Years ago, I watched an interview on TV with nurses who cared for a man dying of Ebola. Their words and actions continue to ring as true today during the on-going Coronavirus - 19 pandemic as they did then.
I was deeply moved by their compassion for this man dying a horrible death. They did all they could for him not only medically but also emotionally. They spoke of the fear that gripped them knowing the personal risks they faced. Yet, each voluntarily chose to care for him. When asked why they would put their lives at risk, they gave the answer you would expect - I am a nurse, this is what I trained to do; I’m a professional; but the answer that moved me to tears was, “He was alone because his family could not be with him.” Each of these nurses did not want him to be alone, to die with no one to love him, comfort him, care for him. They described how, despite wearing all the protective gear, they would hold his hand, speak words of comfort and reassurance, and toward the end simply hold him. The nurse caring for him when he died said that there were tears coming down the patient’s face after being placed on the ventilator. She tried to reassure him that everything would be okay but 15 minutes later he died. The nurse cried and said,” It was the worst day of my life.”
Each of these remarkable nurses, risked their lives to care for a man they did not know. Sure, part the reason was that it was their job, they were trained to do this. But as you listened to their words, the emotion in their voice, saw the trembling of their chin, and the flowing of tears from their eyes, there was a much bigger reason. They truly had compassion on this man and “He was alone because his family could not be with him.” So they became his family. They lovingly cared for him; wash his face with a cold wash rag; dealt with the copious diarrhea and vomiting; changed his clothing and linen; and administered his medications and fluids despite the risk to themselves. More importantly, though, they simply loved him by their words and actions. When medical treatment fails and nothing else can be done, then the real “art of medicine” begins - the compassion, caring, and love of wiping his face, speaking words of comfort, and simply holding him.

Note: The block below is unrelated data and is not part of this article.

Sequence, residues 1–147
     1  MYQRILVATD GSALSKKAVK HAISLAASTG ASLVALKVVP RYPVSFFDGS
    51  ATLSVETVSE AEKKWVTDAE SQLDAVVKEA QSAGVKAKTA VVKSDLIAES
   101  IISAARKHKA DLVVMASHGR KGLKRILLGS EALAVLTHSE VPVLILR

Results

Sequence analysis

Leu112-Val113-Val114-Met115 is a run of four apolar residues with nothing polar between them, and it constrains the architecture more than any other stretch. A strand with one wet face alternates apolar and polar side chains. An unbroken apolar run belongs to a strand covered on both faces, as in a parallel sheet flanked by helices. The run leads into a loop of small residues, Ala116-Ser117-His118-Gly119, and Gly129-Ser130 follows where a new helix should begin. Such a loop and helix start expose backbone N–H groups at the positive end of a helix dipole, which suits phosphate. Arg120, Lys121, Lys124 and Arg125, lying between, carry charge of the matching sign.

Watching these interviews took me back to the earliest days of my internal medicine training during the 1980s. I trained at the peak of the AIDS epidemic before there was any adequate treatment. I cared for scores of young men with HIV or dying of AIDS.I and was present until they died of AIDS despite our best attempts. This was a time, much like with the Ebola scare, where there was much fear, uncertainty, and unfortunately prejudice. As a result, we, the nurses and house staff, watched repeatedly as these young men were abandoned by their families - parents, wives, siblings, and friends out of fear and ignorance. As a result they were alone as well. I will never forget how dramatically that impacted me. No one deserved to be abandoned like that, no one should be left to suffer and die alone. We gave them the best treatment possible knowing that they would still die. When nothing more could be done, we sat with them, held their hand, comforted them and let them know we cared, that they were not alone.
Is this not what medicine should be about? Is this not why we went into medicine? There’s so much more to medicine than simply the medical/surgical treatment side, as important as that is. There’s the human side - the compassion, caring, and loving warmth of a human touch; the knowing that at a patient’s time of greatest fear, helplessness, and need, that they are not alone, we are there for them.
Medicine is hard, very hard. There are times when we need to be reminded why we went into this profession, this calling, lest we forget in the busyness of our days with all the many demands placed upon us. Sometimes we need to step back and remember the last time we were there so they would not be alone. Thank you for the sacrifices you make each and every day for your patients, for your community, and for your families. You’re not alone in this.
Andy Lamb, MD